In the Igbo family, in case of death of a man, the eldest son inherits the family property and becomes responsible for his younger siblings, and if the son is still young, his paternal uncle could take over the possessions and take care of his brother’s family and inherit his late brother’s wife.


In the present times, the Igbo people are Christians though in the past, they followed their traditional religious practices. In particular, the Igbo community worshiped a god who they believed was the provider of everything, and occasionally, they offered him human and animal sacrifices. The community also had religious practitioners of two diverse kinds: the heritable ancestry vicars and the vicars who were selected by the community gods. The members of the first group had an ofo that was a symbol of authority, justice, and truth. They spoke with the spirits and communicated their wishes to the people. They also blessed the community and severely punished the offenders.

The Comparison of the Igbo Culture and the Yoruba One

The Yoruba people live in the southwestern part of Nigeria, and they are split into the following clusters: the Awori, Yagba, Ijesha, Igbomina, Oyo, Ondo, Efe, Ekiti, Egba, Egbado, Ketu, and Ijebu. The community has a population of about 22 million people.

Just like the Igbo, they practice farming and grow maize, yams, plantain and other crops for their daily consumption and sell the surplus. The women are the ones who go to the market to sell their produce. Moreover, similarly to the Igbo, they practice carving, and they produce the best patterns that they sell. Speaking about religion, in the past, the Yoruba people also practiced the traditional rites and worshiped a supreme god called Oluron, but there were two other gods. They called upon the god by pouring water on the ground using kola nuts or directly conducting prayers in his name. As for the marriage and family, both communities respect marriage, and they believe that for one to be a fully-fledged member of the society, they have to get married and bear children and have a full family.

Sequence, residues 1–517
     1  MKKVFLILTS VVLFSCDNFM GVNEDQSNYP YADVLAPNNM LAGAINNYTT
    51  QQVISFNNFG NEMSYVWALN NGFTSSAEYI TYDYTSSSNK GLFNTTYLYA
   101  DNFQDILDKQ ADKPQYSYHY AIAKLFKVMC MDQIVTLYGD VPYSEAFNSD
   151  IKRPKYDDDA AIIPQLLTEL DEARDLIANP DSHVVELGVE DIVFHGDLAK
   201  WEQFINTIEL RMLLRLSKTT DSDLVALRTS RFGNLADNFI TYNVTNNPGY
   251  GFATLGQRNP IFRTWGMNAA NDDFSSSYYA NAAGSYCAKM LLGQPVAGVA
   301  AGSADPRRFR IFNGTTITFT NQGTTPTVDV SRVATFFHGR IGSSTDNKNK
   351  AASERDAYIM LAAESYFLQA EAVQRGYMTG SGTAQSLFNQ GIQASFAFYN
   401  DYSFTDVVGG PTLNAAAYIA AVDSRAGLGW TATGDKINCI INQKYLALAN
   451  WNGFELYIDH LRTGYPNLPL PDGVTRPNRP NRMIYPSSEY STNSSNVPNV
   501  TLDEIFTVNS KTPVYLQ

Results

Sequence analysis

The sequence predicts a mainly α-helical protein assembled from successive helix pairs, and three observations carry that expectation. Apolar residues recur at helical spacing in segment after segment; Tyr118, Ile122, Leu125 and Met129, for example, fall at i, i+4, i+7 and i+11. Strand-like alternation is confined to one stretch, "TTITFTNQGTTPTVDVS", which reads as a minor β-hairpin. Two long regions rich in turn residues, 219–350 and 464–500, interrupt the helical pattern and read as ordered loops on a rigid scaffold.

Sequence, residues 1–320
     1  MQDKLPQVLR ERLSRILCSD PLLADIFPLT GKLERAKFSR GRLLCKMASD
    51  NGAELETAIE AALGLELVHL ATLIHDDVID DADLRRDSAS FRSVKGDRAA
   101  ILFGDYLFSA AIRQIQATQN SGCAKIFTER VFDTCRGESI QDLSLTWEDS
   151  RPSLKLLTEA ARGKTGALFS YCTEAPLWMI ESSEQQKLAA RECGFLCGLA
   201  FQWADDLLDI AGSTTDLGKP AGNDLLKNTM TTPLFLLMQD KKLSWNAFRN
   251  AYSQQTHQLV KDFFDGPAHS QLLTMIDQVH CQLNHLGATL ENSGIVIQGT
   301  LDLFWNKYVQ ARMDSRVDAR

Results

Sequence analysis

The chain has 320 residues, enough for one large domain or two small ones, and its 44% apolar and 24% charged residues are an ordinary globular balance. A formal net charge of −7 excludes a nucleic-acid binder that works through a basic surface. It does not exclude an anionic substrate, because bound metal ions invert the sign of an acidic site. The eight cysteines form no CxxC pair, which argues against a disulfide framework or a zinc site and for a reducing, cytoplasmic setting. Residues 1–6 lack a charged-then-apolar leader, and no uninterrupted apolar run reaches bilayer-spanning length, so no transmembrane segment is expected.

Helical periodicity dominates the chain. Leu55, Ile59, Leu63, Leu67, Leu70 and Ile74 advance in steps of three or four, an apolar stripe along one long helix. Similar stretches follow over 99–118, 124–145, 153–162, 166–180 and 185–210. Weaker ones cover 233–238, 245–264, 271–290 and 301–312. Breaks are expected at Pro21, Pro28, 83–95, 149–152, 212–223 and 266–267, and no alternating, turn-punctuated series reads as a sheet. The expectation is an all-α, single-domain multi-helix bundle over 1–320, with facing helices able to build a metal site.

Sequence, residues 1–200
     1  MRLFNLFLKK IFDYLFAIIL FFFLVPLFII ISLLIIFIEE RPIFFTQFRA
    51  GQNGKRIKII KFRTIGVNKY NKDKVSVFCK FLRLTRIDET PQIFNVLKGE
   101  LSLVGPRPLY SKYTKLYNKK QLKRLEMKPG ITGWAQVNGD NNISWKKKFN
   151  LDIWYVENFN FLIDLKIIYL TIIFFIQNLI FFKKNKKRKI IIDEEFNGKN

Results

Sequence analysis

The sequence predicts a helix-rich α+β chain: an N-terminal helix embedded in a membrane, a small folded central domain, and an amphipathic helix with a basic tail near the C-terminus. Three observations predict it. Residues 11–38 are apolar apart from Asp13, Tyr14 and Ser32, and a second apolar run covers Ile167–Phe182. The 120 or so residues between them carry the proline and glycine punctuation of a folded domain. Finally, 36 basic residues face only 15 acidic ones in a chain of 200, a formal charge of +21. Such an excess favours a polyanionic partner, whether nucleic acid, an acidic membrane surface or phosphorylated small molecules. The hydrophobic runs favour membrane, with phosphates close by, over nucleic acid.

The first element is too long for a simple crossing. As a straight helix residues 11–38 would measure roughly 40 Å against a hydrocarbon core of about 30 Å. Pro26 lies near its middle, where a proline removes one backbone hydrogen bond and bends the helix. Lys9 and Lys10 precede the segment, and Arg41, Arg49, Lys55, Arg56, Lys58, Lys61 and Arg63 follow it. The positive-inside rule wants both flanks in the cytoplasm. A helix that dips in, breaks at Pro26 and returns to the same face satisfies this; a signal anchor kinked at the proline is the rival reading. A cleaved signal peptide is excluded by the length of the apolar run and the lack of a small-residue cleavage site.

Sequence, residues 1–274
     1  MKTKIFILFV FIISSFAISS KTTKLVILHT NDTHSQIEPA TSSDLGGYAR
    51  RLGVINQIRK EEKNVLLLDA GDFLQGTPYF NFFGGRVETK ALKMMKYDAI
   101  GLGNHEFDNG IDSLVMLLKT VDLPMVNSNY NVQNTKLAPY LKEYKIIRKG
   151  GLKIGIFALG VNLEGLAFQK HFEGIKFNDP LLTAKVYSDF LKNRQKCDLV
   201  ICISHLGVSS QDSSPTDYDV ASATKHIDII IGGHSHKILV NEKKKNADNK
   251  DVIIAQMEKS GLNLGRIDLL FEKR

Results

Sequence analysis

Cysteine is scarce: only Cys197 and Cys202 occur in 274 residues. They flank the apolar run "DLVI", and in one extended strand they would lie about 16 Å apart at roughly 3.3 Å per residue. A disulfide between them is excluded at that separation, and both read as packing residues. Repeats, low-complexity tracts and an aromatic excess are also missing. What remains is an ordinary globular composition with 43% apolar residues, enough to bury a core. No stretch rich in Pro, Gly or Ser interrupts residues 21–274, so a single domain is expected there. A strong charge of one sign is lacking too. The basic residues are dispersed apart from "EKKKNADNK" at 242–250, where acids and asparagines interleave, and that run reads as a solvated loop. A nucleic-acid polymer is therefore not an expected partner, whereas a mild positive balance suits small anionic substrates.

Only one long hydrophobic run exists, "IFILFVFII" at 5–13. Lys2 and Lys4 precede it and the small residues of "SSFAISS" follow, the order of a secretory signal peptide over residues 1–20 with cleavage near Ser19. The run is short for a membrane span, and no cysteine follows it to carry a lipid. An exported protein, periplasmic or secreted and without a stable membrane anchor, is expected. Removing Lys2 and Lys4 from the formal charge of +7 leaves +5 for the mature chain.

Contrary to the Igbo people who are known for their expertise in blacksmithing, the Yoruba are renowned for their inexhaustible sculptors and their superb terracotta works. Another difference between the two communities is that the Igbo people had priests and diviners who talked to the gods and passed their wishes, while the Yoruba had three gods: Oluron, the supreme god, Eshu, the divine god who performed sacrifices for Oluron, and Isha, who interpreted Oluron’s wishes to the people. At present, the Yoruba are Christians, Muslims, and some still follow traditional religious practices, while the Igbo are Christians. Considering the political life, the political system of the Yoruba is traditional where each subgroup has a leader referred to as Oba who gets help from a council of elders in making decisions while the Igbo has a strong democratic political standing.